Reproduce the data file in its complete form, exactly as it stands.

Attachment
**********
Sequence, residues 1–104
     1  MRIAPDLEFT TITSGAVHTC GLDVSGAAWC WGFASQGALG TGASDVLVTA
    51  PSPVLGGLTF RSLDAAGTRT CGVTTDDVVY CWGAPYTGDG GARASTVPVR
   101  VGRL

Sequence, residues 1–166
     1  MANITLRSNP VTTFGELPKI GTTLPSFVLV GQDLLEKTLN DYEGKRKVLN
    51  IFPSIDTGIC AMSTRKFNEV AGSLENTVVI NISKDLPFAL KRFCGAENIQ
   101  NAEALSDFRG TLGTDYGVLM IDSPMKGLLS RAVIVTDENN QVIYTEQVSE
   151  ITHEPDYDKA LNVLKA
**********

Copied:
Sequence, residues 1–104
     1  MRIAPDLEFT TITSGAVHTC GLDVSGAAWC WGFASQGALG TGASDVLVTA
    51  PSPVLGGLTF RSLDAAGTRT CGVTTDDVVY CWGAPYTGDG GARASTVPVR
   101  VGRL

Sequence, residues 1–166
     1  MANITLRSNP VTTFGELPKI GTTLPSFVLV GQDLLEKTLN DYEGKRKVLN
    51  IFPSIDTGIC AMSTRKFNEV AGSLENTVVI NISKDLPFAL KRFCGAENIQ
   101  NAEALSDFRG TLGTDYGVLM IDSPMKGLLS RAVIVTDENN QVIYTEQVSE
   151  ITHEPDYDKA LNVLKA